Sony has revealed the worldwide pricing of its X90J 4K TV, which is the mid-range wonder from its range, balancing flagship features with a reasonable price – it's probably the Sony TV of 2021 you're most likely to tempted to actually buy, especially if its new OLED TVs are out of your budget.
The range starts notably cheaper than the model it replaces – last year's Sony XH90/X900H – was at launch, which is partly thanks to the fact that there's a 50-inch model this time, which was sorely lacking from the 2020 line-up. You're looking at £1149/$1299/€1349 (approx AU$1,700) for the 50-inch X90J, £1249/$1499/€1499 (approx AU$2,000) for the 55-inch, £1499/$1799/€1749 (approx AU$2,400) for the 65-inch, and £2299/$TBC/€2699 (approx AU$3,800) for the 75-inch. It's due for release in April, except for the 75-inch version, which will follow "later".
When it comes to equivalent sizes, you're looking at things being marginally cheaper in the new models, which is good news – though the XH90/X900H has had some big price cuts, so the old model is much cheaper than the model that's replacing it, as tends to be the way with TVs. You can see the current lowest prices for the 2020 model at the bottom.
The Sony X90J gives you a full-array LED backlight and Sony's brand-new "cognitive intelligence" image processing, along with HDMI 2.1 and support for Dolby Vision and Dolby Atmos. It should be one of the best-equipped in its price range when you add all of this up – though with LG lowering the cost of its OLED TVs to only a little more than this, there's definitely going to be some tough decisions around.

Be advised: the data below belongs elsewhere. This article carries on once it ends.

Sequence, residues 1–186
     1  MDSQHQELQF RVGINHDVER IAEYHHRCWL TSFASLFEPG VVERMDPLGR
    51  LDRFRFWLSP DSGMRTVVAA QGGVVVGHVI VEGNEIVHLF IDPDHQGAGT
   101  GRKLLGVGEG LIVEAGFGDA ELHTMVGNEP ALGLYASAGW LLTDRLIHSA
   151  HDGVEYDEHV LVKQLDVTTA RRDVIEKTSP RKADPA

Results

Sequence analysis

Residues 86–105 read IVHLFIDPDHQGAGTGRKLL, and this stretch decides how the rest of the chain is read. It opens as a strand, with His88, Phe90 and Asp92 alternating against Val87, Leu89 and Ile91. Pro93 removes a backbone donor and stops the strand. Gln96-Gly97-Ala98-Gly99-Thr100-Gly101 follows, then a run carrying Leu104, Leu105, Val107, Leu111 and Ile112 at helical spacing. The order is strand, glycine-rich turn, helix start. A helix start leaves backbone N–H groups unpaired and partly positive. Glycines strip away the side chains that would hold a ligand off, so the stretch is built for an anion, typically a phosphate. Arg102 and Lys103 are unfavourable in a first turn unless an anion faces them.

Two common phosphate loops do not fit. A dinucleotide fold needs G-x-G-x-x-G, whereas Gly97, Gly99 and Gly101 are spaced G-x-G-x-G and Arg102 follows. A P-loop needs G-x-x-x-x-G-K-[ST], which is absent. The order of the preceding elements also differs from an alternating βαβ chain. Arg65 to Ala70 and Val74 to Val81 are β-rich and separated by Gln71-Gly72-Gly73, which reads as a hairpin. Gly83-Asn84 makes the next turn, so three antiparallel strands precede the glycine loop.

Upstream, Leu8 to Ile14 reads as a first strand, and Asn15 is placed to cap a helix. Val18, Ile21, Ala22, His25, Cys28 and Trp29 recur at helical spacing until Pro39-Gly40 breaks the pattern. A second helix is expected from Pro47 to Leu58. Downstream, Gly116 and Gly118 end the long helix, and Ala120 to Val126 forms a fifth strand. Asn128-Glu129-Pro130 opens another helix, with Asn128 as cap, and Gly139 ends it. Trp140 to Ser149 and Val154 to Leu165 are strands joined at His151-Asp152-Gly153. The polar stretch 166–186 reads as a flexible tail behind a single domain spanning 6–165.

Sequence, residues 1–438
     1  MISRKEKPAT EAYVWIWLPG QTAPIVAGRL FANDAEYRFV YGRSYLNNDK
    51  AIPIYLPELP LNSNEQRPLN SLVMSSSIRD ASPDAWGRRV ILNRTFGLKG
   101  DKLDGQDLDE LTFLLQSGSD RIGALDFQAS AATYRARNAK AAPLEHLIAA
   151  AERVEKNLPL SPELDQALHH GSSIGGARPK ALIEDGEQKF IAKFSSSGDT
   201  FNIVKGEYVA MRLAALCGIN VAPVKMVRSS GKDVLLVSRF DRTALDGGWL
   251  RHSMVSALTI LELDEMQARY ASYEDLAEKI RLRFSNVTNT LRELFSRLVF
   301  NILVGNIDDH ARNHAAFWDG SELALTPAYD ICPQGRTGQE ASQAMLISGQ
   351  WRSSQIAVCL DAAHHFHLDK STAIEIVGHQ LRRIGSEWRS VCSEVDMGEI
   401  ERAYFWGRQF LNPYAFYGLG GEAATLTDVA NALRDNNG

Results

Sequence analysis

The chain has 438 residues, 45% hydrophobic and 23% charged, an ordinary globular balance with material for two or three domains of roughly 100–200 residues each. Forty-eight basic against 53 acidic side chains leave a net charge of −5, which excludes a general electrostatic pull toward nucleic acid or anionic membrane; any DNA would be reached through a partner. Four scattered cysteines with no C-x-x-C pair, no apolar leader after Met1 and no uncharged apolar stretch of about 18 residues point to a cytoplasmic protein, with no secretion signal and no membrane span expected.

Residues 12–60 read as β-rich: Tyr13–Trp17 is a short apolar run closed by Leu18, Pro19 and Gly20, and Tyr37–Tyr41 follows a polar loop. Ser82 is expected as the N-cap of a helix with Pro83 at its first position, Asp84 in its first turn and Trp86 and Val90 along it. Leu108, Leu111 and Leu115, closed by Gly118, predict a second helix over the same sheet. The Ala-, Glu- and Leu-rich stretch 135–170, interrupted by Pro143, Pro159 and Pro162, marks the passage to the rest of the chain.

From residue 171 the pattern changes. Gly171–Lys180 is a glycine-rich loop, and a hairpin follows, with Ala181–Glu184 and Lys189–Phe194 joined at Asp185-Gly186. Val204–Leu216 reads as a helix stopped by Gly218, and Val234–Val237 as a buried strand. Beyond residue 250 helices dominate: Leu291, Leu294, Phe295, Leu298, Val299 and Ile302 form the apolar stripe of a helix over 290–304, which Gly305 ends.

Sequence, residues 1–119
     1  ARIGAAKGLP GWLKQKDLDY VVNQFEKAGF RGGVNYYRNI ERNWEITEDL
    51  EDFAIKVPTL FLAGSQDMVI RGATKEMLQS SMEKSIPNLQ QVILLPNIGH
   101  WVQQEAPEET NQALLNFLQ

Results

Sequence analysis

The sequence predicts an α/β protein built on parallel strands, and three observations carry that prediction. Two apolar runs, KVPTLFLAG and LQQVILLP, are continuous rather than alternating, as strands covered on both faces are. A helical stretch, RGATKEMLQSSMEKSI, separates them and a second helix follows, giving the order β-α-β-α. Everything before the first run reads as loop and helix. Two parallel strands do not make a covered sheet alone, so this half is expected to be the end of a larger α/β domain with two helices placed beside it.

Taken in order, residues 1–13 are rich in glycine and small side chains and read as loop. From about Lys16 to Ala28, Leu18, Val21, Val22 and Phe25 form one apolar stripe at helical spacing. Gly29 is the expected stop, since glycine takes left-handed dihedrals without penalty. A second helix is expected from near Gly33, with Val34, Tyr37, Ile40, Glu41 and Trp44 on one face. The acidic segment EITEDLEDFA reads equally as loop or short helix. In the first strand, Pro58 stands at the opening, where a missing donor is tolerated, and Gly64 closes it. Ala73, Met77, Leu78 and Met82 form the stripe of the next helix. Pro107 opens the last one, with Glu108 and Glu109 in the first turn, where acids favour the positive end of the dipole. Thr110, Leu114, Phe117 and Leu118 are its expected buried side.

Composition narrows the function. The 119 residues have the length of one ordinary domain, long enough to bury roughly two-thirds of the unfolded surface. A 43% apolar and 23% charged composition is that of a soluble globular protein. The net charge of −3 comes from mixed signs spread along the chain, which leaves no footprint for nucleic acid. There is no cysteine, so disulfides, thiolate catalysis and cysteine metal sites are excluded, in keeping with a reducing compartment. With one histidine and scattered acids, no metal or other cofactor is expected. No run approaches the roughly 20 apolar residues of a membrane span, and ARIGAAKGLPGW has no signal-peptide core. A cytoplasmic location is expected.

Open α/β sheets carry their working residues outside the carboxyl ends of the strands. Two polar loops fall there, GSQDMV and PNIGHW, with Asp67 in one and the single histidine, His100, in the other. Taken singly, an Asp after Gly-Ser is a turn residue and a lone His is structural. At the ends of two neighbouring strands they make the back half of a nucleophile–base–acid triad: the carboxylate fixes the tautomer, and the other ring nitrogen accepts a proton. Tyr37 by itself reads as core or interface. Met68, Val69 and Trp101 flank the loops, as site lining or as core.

As with the previous model, Sony is promising support for the 4K 120Hz, Variable Refresh Rate and ALLM gaming features, which made the older model one of the best gaming TVs. However, just like the older model, VRR is expecting to only arrive after an update (presumably around the same time that the PS5 is updated to support it).
Sony's new Cognitive Processor XR is the real wild-card here. Sony says that its new processor "understands how humans see and hear", and will actually look for where the focal point in any given image is, and tweaks its processing based on that. It also promises to make more holistic adjustments to picture, because it can "can cross-analyse an array of elements at once, just as our brains do."
Whether this translates into something more than marketing speak, we'll find out soon – if this really is effective, then combined with promised improvements to upscaling and motion handling, this set might cement Sony's place as the master of the mid-range marvel in our guide to the best TVs.